IDEAS home Printed from https://ideas.repec.org/p/ecm/nawm04/137.html
   My bibliography  Save this paper

Discrete polarization and the measurement of potential ethnic conflict

Author

Listed:
  • Marta Reynal-Querol
  • Jose G. Montalvo

Abstract

Esteban and Ray (Econometrica 1994) describe a measure of polarization that is closely connected to potential conflict or tension in a society, emphasizing the difference between polarization and inequality. In principle a very highly polarized society may have a low level of inequality measured, for instance, using the Gini index. The original application referred to income/wealth polarization and, therefore, the measure was constructed using a Euclidean distance in R. Recent papers on the economic effect of ethnic heterogeneity have used systematically the index of fractionalization as the measure for potential conflict and polarization. However it can be shown that the fractionalization index (one minus Herfindahl’s index) is simply a Gini index constructed using a discrete metric (belong/does not belong to a particular ethnic group). In this paper we propose a new measure for potential ethnic conflict based on a discrete distance version of Estaban and Ray’s index of polarization. The change in the metric results in some interesting properties. We show that the only discrete polarization measure that fulfills the basic properties of polarization is the so called RQ index, which implies a degree of polarization sensitivity equal to 1. We also show how to derive the RQ index from a simple rent-seeking model. The paper includes a discussion of the empirical performance of this index of discrete polarization in the explanation of civil wars and economic development.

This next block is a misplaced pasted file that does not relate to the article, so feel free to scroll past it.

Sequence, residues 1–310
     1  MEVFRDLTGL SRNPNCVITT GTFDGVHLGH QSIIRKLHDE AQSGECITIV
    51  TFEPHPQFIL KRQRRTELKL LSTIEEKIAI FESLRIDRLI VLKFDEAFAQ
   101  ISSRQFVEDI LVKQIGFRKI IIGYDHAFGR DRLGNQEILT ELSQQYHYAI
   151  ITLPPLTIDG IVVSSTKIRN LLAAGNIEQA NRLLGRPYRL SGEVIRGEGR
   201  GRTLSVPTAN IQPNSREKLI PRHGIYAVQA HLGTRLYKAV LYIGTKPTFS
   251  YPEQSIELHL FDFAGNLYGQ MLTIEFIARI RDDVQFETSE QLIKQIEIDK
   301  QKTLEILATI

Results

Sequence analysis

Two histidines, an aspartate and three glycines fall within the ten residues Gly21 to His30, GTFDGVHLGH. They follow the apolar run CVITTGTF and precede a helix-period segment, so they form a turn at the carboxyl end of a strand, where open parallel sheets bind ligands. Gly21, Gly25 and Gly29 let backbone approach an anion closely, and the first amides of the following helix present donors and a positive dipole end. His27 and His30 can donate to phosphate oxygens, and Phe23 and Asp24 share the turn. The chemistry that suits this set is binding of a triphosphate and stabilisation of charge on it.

Suggested Citation

  • Marta Reynal-Querol & Jose G. Montalvo, 2004. "Discrete polarization and the measurement of potential ethnic conflict," Econometric Society 2004 North American Winter Meetings 137, Econometric Society.
  • Handle: RePEc:ecm:nawm04:137
    as

    Download full text from publisher

    To our knowledge, this item is not available for download. To find whether it is available, there are three options:
    1. Check below whether another version of this item is available online.
    2. Check on the provider's web page whether it is in fact available.
    3. Perform a search for a similarly titled item that would be available.

    More about this item

    Keywords

    polarization; ethnic conflict; discrete metric;

    JEL classification:

    • O11 - Economic Development, Innovation, Technological Change, and Growth - - Economic Development - - - Macroeconomic Analyses of Economic Development
    • D72 - Microeconomics - - Analysis of Collective Decision-Making - - - Political Processes: Rent-seeking, Lobbying, Elections, Legislatures, and Voting Behavior

    Statistics

    Access and download statistics

    Corrections

    All material on this site has been provided by the respective publishers and authors. You can help correct errors and omissions. When requesting a correction, please mention this item's handle: RePEc:ecm:nawm04:137. See general information about how to correct material in RePEc.

    For technical questions regarding this item, or to correct its authors, title, abstract, bibliographic or download information, contact: (Christopher F. Baum). General contact details of provider: http://edirc.repec.org/data/essssea.html .

    If you have authored this item and are not yet registered with RePEc, we encourage you to do it here. This allows to link your profile to this item. It also allows you to accept potential citations to this item that we are uncertain about.

    We have no references for this item. You can help adding them by using this form .

    If you know of missing items citing this one, you can help us creating those links by adding the relevant references in the same way as above, for each refering item. If you are a registered author of this item, you may also want to check the "citations" tab in your RePEc Author Service profile, as there may be some citations waiting for confirmation.

    Please note that corrections may take a couple of weeks to filter through the various RePEc services.

    IDEAS is a RePEc service hosted by the Research Division of the Federal Reserve Bank of St. Louis . RePEc uses bibliographic data supplied by the respective publishers.